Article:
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Drama in the competition for the Man Booker Prize!

September 8, 2009
Hilary Mantel, whose Wolf Hall is the odds-on favorite to win.

Hilary Mantel, whose Wolf Hall is the odds-on favorite to win.

For a top literary award, this year’s Man Booker Prize short list, announced this morning, contains a surprising amount of drama. It pits previous winners A.S. Byatt and J.M. Coetzee (who could become the first to win three times) against best-sellers Hilary Mantel and Sarah Waters, plus deserving newcomers Simon Mawer and Adam Foulds.

Two distinguished authors, often nominated but never winners, were left off the short list: Colm Toibin (Brooklyn) and William Trevor (Love and Summer). Both were expected to make the final cut.

Given for the best novel published in Great Britain or the British Commonwealth, the Man Booker celebrates its 40th anniversary this year. The winner, to be announced Oct. 6, takes home £50,000 and several tons of prestige. Each of the short-listed authors–including the winner– receives £2,500 and a designer-bound edition of his or her book.

British critics are calling this year’s short list “a vintage year.” Mantel is the favorite of bookmakers, and critics agree. The Guardian’s Sarah Crown says Mantel’s Wolf Hall is “streets ahead” of the other contender: “rich, strange, pungent; heavily embroidered, like a gorgeous 16th-century tapestry.”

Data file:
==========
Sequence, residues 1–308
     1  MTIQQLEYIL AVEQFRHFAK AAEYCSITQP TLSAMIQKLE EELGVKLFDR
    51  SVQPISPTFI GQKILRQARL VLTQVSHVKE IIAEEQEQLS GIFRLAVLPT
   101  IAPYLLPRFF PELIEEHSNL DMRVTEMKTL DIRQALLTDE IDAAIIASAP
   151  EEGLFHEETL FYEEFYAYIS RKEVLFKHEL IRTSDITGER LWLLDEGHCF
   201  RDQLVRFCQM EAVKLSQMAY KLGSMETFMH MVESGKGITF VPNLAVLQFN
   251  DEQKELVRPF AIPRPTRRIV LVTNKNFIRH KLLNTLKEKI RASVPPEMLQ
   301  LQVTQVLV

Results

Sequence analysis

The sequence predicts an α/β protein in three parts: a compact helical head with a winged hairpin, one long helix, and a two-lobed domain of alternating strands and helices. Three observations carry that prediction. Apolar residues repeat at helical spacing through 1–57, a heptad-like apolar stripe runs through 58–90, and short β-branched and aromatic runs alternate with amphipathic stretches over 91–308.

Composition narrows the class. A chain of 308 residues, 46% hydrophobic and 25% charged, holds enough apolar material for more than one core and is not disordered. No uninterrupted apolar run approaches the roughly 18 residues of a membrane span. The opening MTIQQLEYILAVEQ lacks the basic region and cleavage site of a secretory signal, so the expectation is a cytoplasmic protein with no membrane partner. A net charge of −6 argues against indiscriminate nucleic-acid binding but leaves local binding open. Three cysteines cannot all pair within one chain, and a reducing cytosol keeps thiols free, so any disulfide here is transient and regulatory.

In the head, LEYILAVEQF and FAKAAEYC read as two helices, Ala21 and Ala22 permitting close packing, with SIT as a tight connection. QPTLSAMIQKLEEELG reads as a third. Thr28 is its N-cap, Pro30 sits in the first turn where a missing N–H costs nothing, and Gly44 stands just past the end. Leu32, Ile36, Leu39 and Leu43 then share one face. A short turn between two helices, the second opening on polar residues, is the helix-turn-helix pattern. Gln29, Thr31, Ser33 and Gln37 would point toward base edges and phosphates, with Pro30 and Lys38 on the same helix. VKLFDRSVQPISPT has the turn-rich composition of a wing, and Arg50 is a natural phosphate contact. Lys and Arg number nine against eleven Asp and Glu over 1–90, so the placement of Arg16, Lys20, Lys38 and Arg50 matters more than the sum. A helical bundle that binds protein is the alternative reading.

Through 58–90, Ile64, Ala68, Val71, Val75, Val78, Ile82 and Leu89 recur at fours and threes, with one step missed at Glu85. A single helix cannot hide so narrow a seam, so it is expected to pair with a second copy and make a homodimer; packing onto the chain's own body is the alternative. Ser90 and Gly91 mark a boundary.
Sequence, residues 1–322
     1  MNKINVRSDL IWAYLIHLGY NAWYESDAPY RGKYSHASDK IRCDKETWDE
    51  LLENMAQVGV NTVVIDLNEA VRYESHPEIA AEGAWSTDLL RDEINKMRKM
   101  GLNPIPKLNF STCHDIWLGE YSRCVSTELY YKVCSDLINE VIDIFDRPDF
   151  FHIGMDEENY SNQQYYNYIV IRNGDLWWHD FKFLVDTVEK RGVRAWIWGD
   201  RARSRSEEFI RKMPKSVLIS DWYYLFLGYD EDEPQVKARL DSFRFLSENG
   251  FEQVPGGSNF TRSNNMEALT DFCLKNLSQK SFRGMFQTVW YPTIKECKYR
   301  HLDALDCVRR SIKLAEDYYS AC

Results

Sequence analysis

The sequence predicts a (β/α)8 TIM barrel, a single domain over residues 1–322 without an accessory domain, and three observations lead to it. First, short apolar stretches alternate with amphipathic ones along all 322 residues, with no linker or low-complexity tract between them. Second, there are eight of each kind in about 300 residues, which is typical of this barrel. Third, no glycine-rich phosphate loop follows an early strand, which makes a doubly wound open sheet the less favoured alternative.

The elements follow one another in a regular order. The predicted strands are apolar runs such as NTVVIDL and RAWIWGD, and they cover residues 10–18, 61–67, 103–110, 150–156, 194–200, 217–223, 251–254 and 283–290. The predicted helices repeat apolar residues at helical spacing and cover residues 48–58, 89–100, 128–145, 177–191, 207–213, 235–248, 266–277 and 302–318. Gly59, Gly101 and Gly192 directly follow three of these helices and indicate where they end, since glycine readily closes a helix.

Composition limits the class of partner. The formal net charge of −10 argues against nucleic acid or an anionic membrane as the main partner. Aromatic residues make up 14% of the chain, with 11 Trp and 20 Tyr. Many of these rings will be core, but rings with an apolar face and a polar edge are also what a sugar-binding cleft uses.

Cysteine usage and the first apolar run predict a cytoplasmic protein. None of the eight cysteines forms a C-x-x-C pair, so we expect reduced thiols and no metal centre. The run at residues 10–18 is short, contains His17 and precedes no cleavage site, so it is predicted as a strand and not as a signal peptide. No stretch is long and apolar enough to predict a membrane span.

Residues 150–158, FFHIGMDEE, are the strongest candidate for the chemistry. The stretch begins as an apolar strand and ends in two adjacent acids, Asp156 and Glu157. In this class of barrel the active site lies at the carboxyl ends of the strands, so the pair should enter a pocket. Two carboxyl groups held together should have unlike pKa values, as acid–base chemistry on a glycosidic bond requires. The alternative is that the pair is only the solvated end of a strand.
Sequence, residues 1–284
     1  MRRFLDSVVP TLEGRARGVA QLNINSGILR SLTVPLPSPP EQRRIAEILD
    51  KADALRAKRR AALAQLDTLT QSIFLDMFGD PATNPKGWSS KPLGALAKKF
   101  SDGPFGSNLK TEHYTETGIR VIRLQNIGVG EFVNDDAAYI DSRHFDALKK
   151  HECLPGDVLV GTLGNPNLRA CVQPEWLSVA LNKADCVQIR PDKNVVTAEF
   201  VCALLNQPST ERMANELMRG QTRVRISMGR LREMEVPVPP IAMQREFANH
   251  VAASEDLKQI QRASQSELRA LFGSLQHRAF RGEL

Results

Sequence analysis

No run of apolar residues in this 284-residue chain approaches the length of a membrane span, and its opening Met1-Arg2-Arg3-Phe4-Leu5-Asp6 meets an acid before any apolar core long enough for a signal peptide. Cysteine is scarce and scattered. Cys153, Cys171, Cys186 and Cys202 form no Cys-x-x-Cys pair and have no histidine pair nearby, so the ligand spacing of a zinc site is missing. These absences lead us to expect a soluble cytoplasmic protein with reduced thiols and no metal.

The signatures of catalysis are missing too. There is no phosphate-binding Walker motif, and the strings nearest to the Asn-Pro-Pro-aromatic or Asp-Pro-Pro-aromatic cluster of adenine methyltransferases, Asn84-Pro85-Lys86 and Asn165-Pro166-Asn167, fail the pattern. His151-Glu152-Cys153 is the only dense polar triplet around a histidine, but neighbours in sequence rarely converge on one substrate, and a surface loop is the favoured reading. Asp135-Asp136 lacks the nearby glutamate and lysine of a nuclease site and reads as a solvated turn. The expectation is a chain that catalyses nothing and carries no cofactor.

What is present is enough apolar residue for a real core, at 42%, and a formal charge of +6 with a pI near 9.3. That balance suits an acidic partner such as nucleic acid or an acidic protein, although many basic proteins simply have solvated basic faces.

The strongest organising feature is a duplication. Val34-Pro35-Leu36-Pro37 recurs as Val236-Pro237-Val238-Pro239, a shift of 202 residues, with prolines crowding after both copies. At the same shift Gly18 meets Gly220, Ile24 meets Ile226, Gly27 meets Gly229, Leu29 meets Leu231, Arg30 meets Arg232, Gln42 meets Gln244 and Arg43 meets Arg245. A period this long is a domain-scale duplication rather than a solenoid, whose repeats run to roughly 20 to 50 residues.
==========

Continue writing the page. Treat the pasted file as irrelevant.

Mawer’s The Glass Room, the only nominated book Crown hasn’t read, left colleagues “very impressed,”she added.

Here’s the complete short list.

Wolf Hall, by Hilary Mantel: A novel of historical intrigue, set in the court of Henry VIII as he conspires to divorce Catherine of Aragon and marry Anne Boleyn.

Summertime, by J.M. Coetzee: A young biographer explores the life of the late novelist “John Coetzee.”

The Little Stranger, by Sarah Waters: A ghost story set in post-war Warwickshire.

The Children’s Book, by A.S. Byatt: Four intertwined families experiment with bohemian living around the turn of the 20th century.

The Glass Room, by Simon Mawer. Newlyweds, a Jew and a gentile, living in Czechoslovakia in the late 1930s.

The Quickening Maze, by Adam Foulds: Poets John Clare and Alfred Tennyson meet at a lunatic asylum in Epping Forest.

I find it fascinating that every book on this list, with the exception of Coetzee’s, could be termed a historical novel, and his is a complex imagining of his own past seen through the eyes of someone in the future. British critics praised all these titles when they first appeared.

Will the handicappers prove right? Mantel’s Wolf Hall certainly has momentum behind it, but I suspect judges may be dazzled by Coetzee’s Nobel Prize (the South African novelist won in 2003). It’s a truism across all forms of art and entertainment that nothing attracts awards like winning previous awards.

One Comment leave one →
  1. rachel permalink
    September 8, 2009 1:26 pm

    I don’t really think it’s fair that someone could win the Man Booker more than once and certainly not 3 times. It just doesn’t seem right.

    I’ve read some great works of historical fiction, but I must admit that it baffles me somewhat. First of all there is so much to be read set in the past and written in the past that it hardly seems worth it to try and improve on what was written before you by contemporary authors, and no matter how much research you’ve done you couldn’t possibly get the details like they got the details. Second of all, there is so much for an author to write about now, I don’t exactly see the point in writing about a time that isn’t here and now, or I guess a little more liberally a time that the author hasn’t lived through.

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